Posted on: 30 January 2018
The UX of IoT Devices
If you’ve survived the gift-giving frenzy of the recent holiday season, then perhaps you gave or received a connected device. Whether it was a smartwatch, an activity tracker, a home appliance, or some other bit of technology, you may be part of the growing user base for consumer IoT devices.
These products are intended for use by a wide variety of users, with a wide variety of experiences and skill levels, in a wide variety of contexts. Because they are not necessarily traditional technology products, there are sometimes novel ways of interacting that may not be as intuitive as the designers hope. Special attention needs to be paid to the user experience and interaction design of these products to ensure that they’re effective and efficient.
Traditionally, product designers have been able to exert a lot of control over how users interact with their products and thus could dictate minute details of how those interactions would be supported. Now, because devices are more and more interconnected, a user may not be accessing a product directly. That product might be part of a larger network of interconnected products accessed and controlled through an interface over which the product designer has no control. This potential issue extends beyond just the interaction design into the information architecture and even the visual design of product interfaces.
As an example, let’s consider a simple setup of two connected devices. An Amazon Echo and an Ecobee 3 connected thermostat. The Ecobee itself is capable of doing all the things a regular thermostat does, plus a few things that they can’t. For example, since it is wi-fi enabled, it can display the local weather in real time, and since it has wireless remote sensors it can tell you the exact temperature in specific rooms where those sensors are placed. The real power of the Ecobee, however, is displayed when you interact with it through the larger screen of a tablet, where you can see the heating and cooling trends of your house over time and how they are influenced by the weather, or how your energy consumption compares to the average in your neighbourhood. While you can interact with the thermostat directly, it’s connectedness allows for it to be accessible through a variety of different devices and its functionality is increased through using those connected devices and remote sensors (see Figures 1, 2, and 3 below).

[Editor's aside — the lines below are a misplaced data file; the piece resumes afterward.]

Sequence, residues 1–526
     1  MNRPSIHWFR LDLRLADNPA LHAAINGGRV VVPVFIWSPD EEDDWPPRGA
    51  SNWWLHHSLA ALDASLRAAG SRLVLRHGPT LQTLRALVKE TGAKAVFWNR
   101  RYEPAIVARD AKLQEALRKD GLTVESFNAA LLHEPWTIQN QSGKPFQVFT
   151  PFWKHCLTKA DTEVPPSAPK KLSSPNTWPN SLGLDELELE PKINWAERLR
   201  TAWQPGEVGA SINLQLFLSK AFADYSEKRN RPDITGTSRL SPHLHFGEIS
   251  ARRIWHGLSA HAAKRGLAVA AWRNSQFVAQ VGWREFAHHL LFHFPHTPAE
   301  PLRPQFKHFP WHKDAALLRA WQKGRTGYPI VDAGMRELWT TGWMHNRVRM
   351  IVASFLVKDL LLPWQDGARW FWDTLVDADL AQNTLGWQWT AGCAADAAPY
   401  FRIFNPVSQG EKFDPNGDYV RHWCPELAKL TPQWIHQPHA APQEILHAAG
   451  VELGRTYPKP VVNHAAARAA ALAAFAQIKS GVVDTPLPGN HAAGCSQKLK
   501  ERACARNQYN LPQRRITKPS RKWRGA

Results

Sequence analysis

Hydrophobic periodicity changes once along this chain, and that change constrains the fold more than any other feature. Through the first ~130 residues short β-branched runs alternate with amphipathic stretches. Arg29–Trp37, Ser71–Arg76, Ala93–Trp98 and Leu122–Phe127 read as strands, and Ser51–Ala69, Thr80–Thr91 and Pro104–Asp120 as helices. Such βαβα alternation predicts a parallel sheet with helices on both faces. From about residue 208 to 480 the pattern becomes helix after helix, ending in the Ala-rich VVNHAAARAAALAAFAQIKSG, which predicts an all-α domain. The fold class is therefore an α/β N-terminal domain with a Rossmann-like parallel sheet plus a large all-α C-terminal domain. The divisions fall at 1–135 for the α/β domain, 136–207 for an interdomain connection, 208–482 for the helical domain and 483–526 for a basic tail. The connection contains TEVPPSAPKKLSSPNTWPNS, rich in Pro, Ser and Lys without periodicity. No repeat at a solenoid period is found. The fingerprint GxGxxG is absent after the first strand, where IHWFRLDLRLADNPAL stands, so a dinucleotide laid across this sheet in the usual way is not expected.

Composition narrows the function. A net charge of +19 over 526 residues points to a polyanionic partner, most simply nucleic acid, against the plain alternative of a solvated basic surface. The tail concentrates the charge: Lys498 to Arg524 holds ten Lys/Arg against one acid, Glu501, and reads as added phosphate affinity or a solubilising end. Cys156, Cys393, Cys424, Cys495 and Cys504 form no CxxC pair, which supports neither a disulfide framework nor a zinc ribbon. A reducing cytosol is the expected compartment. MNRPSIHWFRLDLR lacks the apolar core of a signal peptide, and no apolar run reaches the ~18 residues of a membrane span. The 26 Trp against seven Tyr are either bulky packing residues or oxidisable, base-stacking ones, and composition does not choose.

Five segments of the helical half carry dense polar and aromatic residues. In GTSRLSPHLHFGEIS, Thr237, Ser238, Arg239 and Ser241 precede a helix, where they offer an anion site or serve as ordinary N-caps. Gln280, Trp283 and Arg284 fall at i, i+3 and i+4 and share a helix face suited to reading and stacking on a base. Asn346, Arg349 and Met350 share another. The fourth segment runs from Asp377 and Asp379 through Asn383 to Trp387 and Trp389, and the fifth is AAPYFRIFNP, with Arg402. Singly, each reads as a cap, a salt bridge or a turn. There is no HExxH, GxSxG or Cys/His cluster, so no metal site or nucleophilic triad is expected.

Fig 1. On a tablet, the Ecobee can display usage patterns, trends, and your data – displayed in a way that is meaningful to the user.
Fig 2. Tablet display of home energy efficiency in the month of December.
Fig 3. Tablet display showing indoor, outdoor, and desired temperatures throughout the day.
One of the main complaints from earlier versions of the Alexa was the skill that controls the Ecobee. It had to do with the syntax of the commands (see Fig 4 below).
Fig 4. Description of Amazon Alexa skill (https://www.amazon.com/ecobee-Inc-plus/dp/B071672K2R/)
You see, this type of syntax is used with some skills and not in others. For example, you don’t have to ask Alexa to ask the Nest anything. But if you want to voice control your Roomba, Alexa has to be kind enough to relay the message. If the user doesn’t understand these little details, the interaction with these devices can quickly become frustrating.
Good UX is about understanding and then meeting user expectations. Great UX is about understanding and then exceeding user expectations. In the IoT domain, a user task flow may span different devices, different interaction paradigms, and different contexts of use. This increases complexity by orders of magnitude for the designer. Conversely, user expectations are also increased because users expect the experience of using these disparate connected devices in concert to be more than the sum of their individual experiences.
The key to creating great IoT user experiences lies in understanding and designing for the fluid nature of IoT interaction through good primary research into user needs. The fundamentals are still the same: you need to understand who your users are, what they’re trying to do, and the context within which they’re trying to do it. The difference is the scope of that context might be much, much bigger than the product designer might imagine.